News: Ripple paid Moneygram $11M, weird stuff going on with e-Payments, fraudster tries to buy Perth Glory, another bitcoin ETF bites the dust

As you know, I left my most recent full-time gig, so I’m solo again. I’m going to keep on writing, but I need to figure out how to make ends meet. I’ll be writing more for my blog, possibly writing some e-books, and relying on support from patrons. If this newsletter is worth buying me a latte every four weeks, consider becoming a monthly supporter.

Now, on to the news. Since I didn’t write a newsletter last week, a few of these items stretch beyond the last seven days.

Filming for Quadriga documentary

Screen Shot 2020-02-26 at 5.27.45 PM
Filming at a coffee shop in Vancouver Monday.

If you’ve been following me on Twitter, you know I was in Vancouver all weekend filming for an upcoming Quadriga documentary for Canadian public broadcast station CBC. It was a whirlwind adventure, loads of fun, and I got to meet my idol and fellow nocoiner David Gerard for the first time. He is 6’4″, which helps explain why he is not easily intimidated by anyone. (My blog, David’s blog with more pics.)

On our second day of filming, the crew got shots of David and me at a coffee shop going through my Quadriga timeline in detail. Of course, the more we talked and went over things, the more unanswered questions we came up with.

Ripple has been paying Moneygram millions

Moneygram’s 8-K filing with the SEC must be a bit of an embarrassment for Ripple CEO Brad Garlinghouse. It reveals Ripple paid $11.3 million to Moneygram over the last two quarters. That’s in addition to the $50 million Ripple has already invested in the firm. (Cointelegraph, Coindesk.)

This is apparently the ugly truth to how Ripple works. The company appears to pay its partners to use its On-Demand Liquidity (formerly xRapid) blockchain platform and XRP tokens and then say nice things about how well things are going. (FT Alphaville)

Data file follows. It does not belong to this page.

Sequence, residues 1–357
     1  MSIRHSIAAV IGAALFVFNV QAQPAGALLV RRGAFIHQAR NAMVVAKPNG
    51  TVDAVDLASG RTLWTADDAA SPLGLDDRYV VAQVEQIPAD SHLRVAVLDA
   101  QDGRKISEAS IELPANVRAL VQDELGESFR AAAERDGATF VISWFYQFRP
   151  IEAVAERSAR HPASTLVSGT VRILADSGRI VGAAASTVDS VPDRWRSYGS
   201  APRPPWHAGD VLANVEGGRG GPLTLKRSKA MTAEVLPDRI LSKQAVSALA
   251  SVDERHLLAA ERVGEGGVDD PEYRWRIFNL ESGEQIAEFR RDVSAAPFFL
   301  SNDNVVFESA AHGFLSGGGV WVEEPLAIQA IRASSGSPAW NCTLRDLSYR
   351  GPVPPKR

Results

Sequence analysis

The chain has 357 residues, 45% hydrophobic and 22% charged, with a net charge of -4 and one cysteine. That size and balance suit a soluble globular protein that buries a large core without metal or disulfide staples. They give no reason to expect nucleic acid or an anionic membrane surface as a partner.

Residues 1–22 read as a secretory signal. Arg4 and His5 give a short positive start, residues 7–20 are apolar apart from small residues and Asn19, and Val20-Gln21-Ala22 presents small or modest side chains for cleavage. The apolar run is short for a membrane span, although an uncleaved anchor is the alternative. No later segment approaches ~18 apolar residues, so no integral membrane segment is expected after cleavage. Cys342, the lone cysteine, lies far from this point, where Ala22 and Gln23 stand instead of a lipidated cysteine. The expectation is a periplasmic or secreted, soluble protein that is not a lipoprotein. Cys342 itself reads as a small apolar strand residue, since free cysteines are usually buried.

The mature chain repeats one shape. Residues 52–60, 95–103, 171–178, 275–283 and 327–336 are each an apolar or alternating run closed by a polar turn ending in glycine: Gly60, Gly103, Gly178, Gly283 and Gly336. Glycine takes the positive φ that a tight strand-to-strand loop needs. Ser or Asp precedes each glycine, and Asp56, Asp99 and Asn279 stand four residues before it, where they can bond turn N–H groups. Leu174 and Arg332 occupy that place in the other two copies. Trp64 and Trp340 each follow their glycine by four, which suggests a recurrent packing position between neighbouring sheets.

Of course, none of this is news to @Tr0llyTr0llFace, who wrote about how Ripple pays its partners in his blog a year ago. “Basically, Ripple is paying its clients to use its products, and then pays them again to talk about how they’re using its products,” he said. 

Ripple class-action to move forward

In other Ripple news, a federal judge in Oakland, Calif., has granted in part and denied in part Ripple’s motion to dismiss a class-action lawsuit claiming the company violated U.S. securities laws. There’s a lot to unpack here, but overall it’s a win for the plaintiffs. In other words, the lawsuit will proceed even though it’s been trimmed back a bit. (Court order, CoinDesk, Bloomberg

Ripple had claimed in its November court filing that the suit could topple the $10 billion market for XRP. Well, yeah, one would think so, especially if XRP is deemed a security and gets shut down by the SEC. This class action may be laying the groundwork for that. 

Reggie Fowler gets hit with another charge

pexels-photo-2570139As if Reggie Flower did not have enough trouble on his hands. After forgoing a plea deal where three out of four charges against him would have been dropped, prosecutors have heaped on another charge — this one for wire fraud.

They allege that Fowler used ill-gotten gains from his shadow banking business, which he ran on behalf of Panamanian payment processor Crypto Capital, to fund a professional football league. The league isn’t named in the indictment, but a good guess says its the collapsed American Football League of which Fowler was a major investor. (My blog.)

The new charge should come as no surprise to those following the U.S. v. Fowler (1:19-cr-00254) case closely. In a court transcript filed in October 2019, Assistant U.S. Attorney Sebastian Swett told Judge Andrew Carter:

“We have told defense counsel that, notwithstanding the plea negotiations, we are still investigating this matter, and, should we not reach a resolution, we will likely supersede with additional charges.”

Fowler needs to go before the judge and enter his plea on the new charge before he can proceed to trial. Federal prosecutors are asking the judge to schedule arraignment for May 5, but it’s quite possible this is a typo and they meant March 5. (Court doc.)

Convicted fraudster won’t be buying Perth football team after all

LFE Founder Jim Aylward
LFE founder Jim Aylward on Twitter

The sale of Perth Glory Soccer Club to a London crypto entrepreneur fell through after it turned out that the man behind the company trying to buy Glory — businessman Jim Aylward — is convicted fraudster James Abbass Biniaz. (Imagine that, a person with a criminal past getting involved in crypto?)

Aylward had set up a group called London Football Exchange, a football stock exchange and fan marketplace powered by the LFE token. The grand scheme was for the company to buy soccer teams all over the world and integrate that business with the token.

Glory owner Tony Sage pulled out of the deal after traveling to London to go through a due diligence process with his lawyers and representatives of the London Football Exchange group. Sage had been promised $30 million by Aylward for 80% of the A-League club. (Sydney Morning Herald)